Always willing to learn,

Eddie

On Saturday, 3 November 2018, 16:41:42 GMT, oscar kern via Groups.Io <kernbigo@...> wrote:


Kernbigo@... 
Make your self a spoon scaper and pit oil pockets in the old spindle,you may find something on you tube how to do it
I'am  a ferry  experience hand sraper and I did my spindle no I can run my bearing +.0005

On Sat, Nov 3, 2018 at 11:04 AM, benjithestupiddog via Groups.Io
<benjithestupiddog@...> wrote:

[Edited Message Follows]

Hi Gents, 

I am trying to work out what is the lesser of 2 evils, I am lucky enough to have a choice of 2 headstocks for my 9a rebuild, the pretty rough looking original and another nicer looking one.

I'm am not the most experienced machinist so I really cant tell which is worse long term, a head not matched to the bed or just carrying on with a rough looking spindle bearing.

Strangely the spindle itself looks fine.

Also on the better looking head the bearing does seem to have moved around a bit and does not align with the wick hole properly.

I've attached a couple of pics so you can see what I mean, the grooves are the catch your nail on type, not the see it but cant feel it I had hoped for.

I'm a bit stuck with how to move forward so as always any advice is greatly appreciated.

Re: Headstock, What would you do?

oscar kern
 

The shafts is not oil pocket, it is the plain bearings,common sense would tell you that.The spindle shafts is highly polished.How are you going to oil pocket a shaft.



On Sun, Nov 4, 2018 at 5:44 AM, eddie.draper@... via Groups.Io
<eddie.draper@...> wrote:
Please excuse me for going a touch off topic, but I have never heard of oil pockets in shafts before.  What is the purpose of oil pockets in a shaft that is always rotating fast enough to establish hydrodynamic lubrication?  Like oil grooves in housings, don't they just diminish hydrodynamic lubrication capabilities?  (Except of course when someone insists on feeding oil at a high pressure location like the loaded side of a bearing, rather than where it is lowest, thereby allowing limited hydrodynamic lubrication to be established by feeding oil to the lower pressure area and not having it flow backwards out of the feed hole as soon as rotation occurs?)  One certainly should not put oil grooves on the axle bearings or pockets in the axles of say a locomotive.  Rather, the oil needs to be applied to the underside (unloaded side) of the journal, as a result of which a very high pressure and quite thick film will develop at the top.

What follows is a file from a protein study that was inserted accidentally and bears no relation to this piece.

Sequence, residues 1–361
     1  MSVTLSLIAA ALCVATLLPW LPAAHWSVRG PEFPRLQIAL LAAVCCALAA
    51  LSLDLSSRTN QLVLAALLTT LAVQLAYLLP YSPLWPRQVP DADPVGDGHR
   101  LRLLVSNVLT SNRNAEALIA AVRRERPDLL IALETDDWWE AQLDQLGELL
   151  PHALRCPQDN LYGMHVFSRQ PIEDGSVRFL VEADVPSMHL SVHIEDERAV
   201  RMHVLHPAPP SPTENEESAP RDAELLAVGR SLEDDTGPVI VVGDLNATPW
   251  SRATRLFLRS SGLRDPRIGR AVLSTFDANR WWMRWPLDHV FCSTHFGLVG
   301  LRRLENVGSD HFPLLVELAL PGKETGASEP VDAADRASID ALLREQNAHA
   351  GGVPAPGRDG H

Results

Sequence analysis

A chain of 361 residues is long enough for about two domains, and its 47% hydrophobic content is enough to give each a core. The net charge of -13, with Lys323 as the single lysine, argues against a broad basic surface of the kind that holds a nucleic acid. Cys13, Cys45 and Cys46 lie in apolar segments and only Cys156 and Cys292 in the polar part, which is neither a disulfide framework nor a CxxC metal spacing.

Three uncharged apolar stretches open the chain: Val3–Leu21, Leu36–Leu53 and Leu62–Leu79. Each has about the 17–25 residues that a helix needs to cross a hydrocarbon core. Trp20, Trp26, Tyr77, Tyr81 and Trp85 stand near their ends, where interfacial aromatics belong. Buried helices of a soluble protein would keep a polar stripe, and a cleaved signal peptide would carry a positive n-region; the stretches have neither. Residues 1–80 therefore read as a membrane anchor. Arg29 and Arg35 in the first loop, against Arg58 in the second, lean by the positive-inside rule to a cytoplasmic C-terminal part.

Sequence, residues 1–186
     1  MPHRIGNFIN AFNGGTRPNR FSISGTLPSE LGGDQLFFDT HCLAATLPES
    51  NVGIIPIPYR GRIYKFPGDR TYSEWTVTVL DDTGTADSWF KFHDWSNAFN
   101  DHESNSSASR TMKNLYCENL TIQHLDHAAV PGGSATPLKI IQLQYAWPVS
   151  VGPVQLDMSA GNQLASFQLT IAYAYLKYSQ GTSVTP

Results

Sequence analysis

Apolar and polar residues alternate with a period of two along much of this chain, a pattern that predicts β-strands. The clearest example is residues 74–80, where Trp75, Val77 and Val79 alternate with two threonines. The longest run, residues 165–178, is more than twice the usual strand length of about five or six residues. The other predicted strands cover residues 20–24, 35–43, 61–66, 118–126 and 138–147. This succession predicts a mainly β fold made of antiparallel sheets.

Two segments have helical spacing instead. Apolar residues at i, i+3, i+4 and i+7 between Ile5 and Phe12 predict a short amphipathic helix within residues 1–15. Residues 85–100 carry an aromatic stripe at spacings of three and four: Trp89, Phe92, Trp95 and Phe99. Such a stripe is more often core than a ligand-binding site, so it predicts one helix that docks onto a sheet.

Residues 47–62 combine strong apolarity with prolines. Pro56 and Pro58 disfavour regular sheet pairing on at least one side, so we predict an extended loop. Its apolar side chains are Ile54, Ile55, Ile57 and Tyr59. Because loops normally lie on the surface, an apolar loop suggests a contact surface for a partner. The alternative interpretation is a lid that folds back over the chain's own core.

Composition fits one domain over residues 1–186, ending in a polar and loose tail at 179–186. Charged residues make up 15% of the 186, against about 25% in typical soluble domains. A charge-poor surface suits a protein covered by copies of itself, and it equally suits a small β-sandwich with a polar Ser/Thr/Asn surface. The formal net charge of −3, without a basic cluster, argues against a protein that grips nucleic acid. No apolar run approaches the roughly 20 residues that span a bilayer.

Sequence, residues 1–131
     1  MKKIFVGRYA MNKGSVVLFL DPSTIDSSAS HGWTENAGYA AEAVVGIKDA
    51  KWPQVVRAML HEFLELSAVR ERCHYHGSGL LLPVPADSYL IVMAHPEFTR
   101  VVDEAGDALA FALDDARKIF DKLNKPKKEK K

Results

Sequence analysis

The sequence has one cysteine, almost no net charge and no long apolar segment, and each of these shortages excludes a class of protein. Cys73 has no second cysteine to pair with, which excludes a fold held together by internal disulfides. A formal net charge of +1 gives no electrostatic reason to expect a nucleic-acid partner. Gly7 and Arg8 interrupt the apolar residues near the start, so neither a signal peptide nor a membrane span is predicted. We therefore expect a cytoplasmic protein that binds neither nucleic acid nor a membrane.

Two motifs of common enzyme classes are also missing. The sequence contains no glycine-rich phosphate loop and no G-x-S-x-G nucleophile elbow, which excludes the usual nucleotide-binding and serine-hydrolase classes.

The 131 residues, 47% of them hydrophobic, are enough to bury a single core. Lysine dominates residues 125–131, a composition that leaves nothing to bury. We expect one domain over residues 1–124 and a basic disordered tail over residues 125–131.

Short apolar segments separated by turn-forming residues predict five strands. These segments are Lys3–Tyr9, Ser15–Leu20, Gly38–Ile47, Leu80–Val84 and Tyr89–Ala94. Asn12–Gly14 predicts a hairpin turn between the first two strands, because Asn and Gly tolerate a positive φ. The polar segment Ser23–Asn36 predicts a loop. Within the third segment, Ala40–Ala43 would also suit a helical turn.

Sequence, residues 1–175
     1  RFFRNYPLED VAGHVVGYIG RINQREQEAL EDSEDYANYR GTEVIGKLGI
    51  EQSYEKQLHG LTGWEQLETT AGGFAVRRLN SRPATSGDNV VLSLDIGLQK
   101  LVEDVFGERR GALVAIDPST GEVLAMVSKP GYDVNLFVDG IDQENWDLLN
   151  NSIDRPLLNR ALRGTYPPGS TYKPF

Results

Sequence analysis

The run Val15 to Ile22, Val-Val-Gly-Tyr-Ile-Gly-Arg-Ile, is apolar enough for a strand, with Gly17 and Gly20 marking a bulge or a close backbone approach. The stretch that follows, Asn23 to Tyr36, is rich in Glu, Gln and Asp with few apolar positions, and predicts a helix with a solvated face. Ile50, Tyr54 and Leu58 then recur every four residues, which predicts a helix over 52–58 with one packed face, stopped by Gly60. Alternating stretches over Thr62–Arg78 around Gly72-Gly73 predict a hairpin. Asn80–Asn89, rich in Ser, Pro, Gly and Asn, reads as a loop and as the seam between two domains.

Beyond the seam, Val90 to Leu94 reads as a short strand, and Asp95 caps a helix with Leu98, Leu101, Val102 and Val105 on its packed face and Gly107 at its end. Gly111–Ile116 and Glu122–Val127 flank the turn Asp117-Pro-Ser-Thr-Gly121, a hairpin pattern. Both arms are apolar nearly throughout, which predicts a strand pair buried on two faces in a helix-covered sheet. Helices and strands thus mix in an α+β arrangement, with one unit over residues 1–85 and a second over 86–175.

Wick fed machine tool spindles are a special case, as a substantial oil flow is needed to equalise temperatures of shafts and housings to prevent differential expansion from causing a seizure at high speed (nothing at all to do with lubrication) thereby allowing smaller clearances when run at high speeds.  I would suggest that "kernbigo"s (apologies, haven't picked up your name) 1/2 thou spindle clearance capability is due to exceedingly good circularity of both shaft and housing / shells (which as an experienced hand scraper he should be very capable of achieving).  Maybe also keeping the lathe relatively warm and not going straight to max speed on a cold start, so that the oil is not over viscous (and therefore generating a lot of heat by fluid shear).  The third vital component is a good oil flow, so clean wicks / felts.

Always willing to learn,

Eddie

On Saturday, 3 November 2018, 16:41:42 GMT, oscar kern via Groups.Io <kernbigo@...> wrote:


Kernbigo@... 
Make your self a spoon scaper and pit oil pockets in the old spindle,you may find something on you tube how to do it
I'am  a ferry  experience hand sraper and I did my spindle no I can run my bearing +.0005

On Sat, Nov 3, 2018 at 11:04 AM, benjithestupiddog via Groups.Io
<benjithestupiddog@...> wrote:

[Edited Message Follows]

Hi Gents, 

I am trying to work out what is the lesser of 2 evils, I am lucky enough to have a choice of 2 headstocks for my 9a rebuild, the pretty rough looking original and another nicer looking one.

I'm am not the most experienced machinist so I really cant tell which is worse long term, a head not matched to the bed or just carrying on with a rough looking spindle bearing.

Strangely the spindle itself looks fine.